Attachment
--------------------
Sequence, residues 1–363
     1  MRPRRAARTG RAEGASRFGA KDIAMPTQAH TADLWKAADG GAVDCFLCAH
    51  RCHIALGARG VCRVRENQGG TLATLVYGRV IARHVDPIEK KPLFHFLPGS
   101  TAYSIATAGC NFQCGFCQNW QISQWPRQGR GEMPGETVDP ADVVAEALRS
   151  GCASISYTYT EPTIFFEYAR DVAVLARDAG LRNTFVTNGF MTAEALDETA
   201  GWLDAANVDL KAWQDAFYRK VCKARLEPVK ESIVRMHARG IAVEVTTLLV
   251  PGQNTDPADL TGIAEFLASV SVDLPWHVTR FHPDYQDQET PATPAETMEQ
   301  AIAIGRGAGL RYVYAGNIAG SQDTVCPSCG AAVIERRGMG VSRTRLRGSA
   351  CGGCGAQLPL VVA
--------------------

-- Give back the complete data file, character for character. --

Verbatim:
Sequence, residues 1–363
     1  MRPRRAARTG RAEGASRFGA KDIAMPTQAH TADLWKAADG GAVDCFLCAH
    51  RCHIALGARG VCRVRENQGG TLATLVYGRV IARHVDPIEK KPLFHFLPGS
   101  TAYSIATAGC NFQCGFCQNW QISQWPRQGR GEMPGETVDP ADVVAEALRS
   151  GCASISYTYT EPTIFFEYAR DVAVLARDAG LRNTFVTNGF MTAEALDETA
   201  GWLDAANVDL KAWQDAFYRK VCKARLEPVK ESIVRMHARG IAVEVTTLLV
   251  PGQNTDPADL TGIAEFLASV SVDLPWHVTR FHPDYQDQET PATPAETMEQ
   301  AIAIGRGAGL RYVYAGNIAG SQDTVCPSCG AAVIERRGMG VSRTRLRGSA
   351  CGGCGAQLPL VVA